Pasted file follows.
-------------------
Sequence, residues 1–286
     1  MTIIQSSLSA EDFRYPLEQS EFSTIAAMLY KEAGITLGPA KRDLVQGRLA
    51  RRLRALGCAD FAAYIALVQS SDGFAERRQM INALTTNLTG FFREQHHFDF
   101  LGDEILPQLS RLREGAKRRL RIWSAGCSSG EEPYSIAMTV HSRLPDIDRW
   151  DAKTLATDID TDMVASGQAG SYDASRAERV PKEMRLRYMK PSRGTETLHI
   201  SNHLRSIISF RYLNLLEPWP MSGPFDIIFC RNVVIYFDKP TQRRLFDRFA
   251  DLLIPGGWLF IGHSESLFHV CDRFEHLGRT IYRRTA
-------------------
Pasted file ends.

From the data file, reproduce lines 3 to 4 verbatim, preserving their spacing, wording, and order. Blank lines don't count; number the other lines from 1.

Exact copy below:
    51  RRLRALGCAD FAAYIALVQS SDGFAERRQM INALTTNLTG FFREQHHFDF
   101  LGDEILPQLS RLREGAKRRL RIWSAGCSSG EEPYSIAMTV HSRLPDIDRW